Sunday, 21st April 2019


Youth workers provide a range of local, regional and national recreation activities to benefit the social and academic development of children, teenagers and young adults. Youth work exists in various different areas: religious work; government-organised work; charity work; working with young people from disadvantaged backgrounds and working with children with behavioural problems.

Religious, or faith-based work, involves the teaching and guiding of young people according to a set of moral codes specific to a given religion. This type of youth work is popular and fairly prevalent in large, multicultural cities throughout the UK. Youth workers may organise and attend social events in or out of a place of worship, teaching sessions, excursions and cultural exchanges.

Government-funded youth workers will generally work within a more secular environment, in local and regional groups and with underprivileged communities, to run various educational and vocational activities for local young people. The type of work that could be undertaken by a youth worker is extremely diverse and could range from coaching sports locally or teaching sexual health to organising jumble sales at community centres. The primary role of a youth worker is to create a positive and instructive atmosphere in which young people can develop socially, emotionally and sometimes academically.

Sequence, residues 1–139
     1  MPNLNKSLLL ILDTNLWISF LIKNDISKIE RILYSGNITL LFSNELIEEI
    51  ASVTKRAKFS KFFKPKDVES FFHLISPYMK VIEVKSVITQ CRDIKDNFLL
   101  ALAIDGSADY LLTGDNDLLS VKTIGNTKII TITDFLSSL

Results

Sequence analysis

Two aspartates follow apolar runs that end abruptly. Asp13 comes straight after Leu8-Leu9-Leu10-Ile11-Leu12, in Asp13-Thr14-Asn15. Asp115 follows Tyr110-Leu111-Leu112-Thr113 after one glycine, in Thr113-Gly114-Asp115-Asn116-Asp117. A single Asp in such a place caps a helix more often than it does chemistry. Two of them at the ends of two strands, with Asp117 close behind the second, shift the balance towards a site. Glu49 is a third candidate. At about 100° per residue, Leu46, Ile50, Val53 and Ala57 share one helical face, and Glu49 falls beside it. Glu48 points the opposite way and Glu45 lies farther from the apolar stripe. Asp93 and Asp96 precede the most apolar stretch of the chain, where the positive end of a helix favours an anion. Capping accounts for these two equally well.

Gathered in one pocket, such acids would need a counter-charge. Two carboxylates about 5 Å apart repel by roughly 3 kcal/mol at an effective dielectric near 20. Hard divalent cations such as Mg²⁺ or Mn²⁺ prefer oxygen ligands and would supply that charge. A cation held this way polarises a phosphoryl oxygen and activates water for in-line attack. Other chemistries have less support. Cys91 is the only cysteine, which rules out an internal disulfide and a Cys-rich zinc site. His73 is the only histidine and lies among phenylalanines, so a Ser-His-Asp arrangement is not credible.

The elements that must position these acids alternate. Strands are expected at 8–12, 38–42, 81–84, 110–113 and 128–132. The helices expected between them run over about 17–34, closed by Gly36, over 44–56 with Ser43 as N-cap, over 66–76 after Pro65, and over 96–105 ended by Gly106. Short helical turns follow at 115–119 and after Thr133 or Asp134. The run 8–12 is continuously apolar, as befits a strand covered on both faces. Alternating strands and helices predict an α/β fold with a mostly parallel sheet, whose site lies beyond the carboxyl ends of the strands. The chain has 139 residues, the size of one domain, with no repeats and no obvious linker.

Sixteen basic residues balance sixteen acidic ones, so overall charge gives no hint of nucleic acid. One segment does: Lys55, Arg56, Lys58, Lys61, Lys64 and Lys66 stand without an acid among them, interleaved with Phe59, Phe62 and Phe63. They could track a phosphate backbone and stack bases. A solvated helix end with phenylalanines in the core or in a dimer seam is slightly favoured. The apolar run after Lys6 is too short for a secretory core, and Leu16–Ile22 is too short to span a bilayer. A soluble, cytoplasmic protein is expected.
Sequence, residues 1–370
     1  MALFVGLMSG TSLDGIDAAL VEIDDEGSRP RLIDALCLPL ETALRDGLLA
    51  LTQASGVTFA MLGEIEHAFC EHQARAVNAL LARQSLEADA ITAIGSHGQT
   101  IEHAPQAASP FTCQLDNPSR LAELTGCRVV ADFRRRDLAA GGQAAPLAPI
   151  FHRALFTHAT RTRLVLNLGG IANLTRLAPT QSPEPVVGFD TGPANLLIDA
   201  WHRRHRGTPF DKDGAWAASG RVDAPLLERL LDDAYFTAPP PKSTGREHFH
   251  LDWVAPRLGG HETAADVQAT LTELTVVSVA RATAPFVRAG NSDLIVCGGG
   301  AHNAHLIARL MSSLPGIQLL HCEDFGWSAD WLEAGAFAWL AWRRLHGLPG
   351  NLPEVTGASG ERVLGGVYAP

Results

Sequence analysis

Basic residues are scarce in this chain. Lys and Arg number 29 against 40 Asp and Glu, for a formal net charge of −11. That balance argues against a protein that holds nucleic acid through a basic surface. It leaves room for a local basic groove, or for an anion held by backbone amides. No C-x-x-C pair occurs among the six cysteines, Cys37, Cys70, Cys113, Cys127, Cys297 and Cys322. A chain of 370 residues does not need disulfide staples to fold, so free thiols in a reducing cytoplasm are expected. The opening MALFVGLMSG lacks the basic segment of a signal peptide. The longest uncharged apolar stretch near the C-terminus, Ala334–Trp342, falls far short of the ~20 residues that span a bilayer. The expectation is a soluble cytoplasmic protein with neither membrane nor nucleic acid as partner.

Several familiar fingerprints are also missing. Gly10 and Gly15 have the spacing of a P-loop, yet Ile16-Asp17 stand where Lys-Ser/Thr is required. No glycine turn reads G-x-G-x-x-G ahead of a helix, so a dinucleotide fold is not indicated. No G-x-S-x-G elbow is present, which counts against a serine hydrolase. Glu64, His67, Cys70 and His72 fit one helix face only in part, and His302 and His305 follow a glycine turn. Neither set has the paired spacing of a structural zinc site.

Youth workers may be required to travel or accompany children on excursions in minibuses, for which they will need to obtain a Passenger Carrying Vehicles (PCV) license.

Some youth workers specialise in working with children with criminal or troubling behaviour. They may work with young people on a one-to-one basis, or they might work with groups of youths in correctional facilities. This type of youth work is closely linked to counselling and youth workers aim to both source the problems and facilitate the rehabilitation of these young people.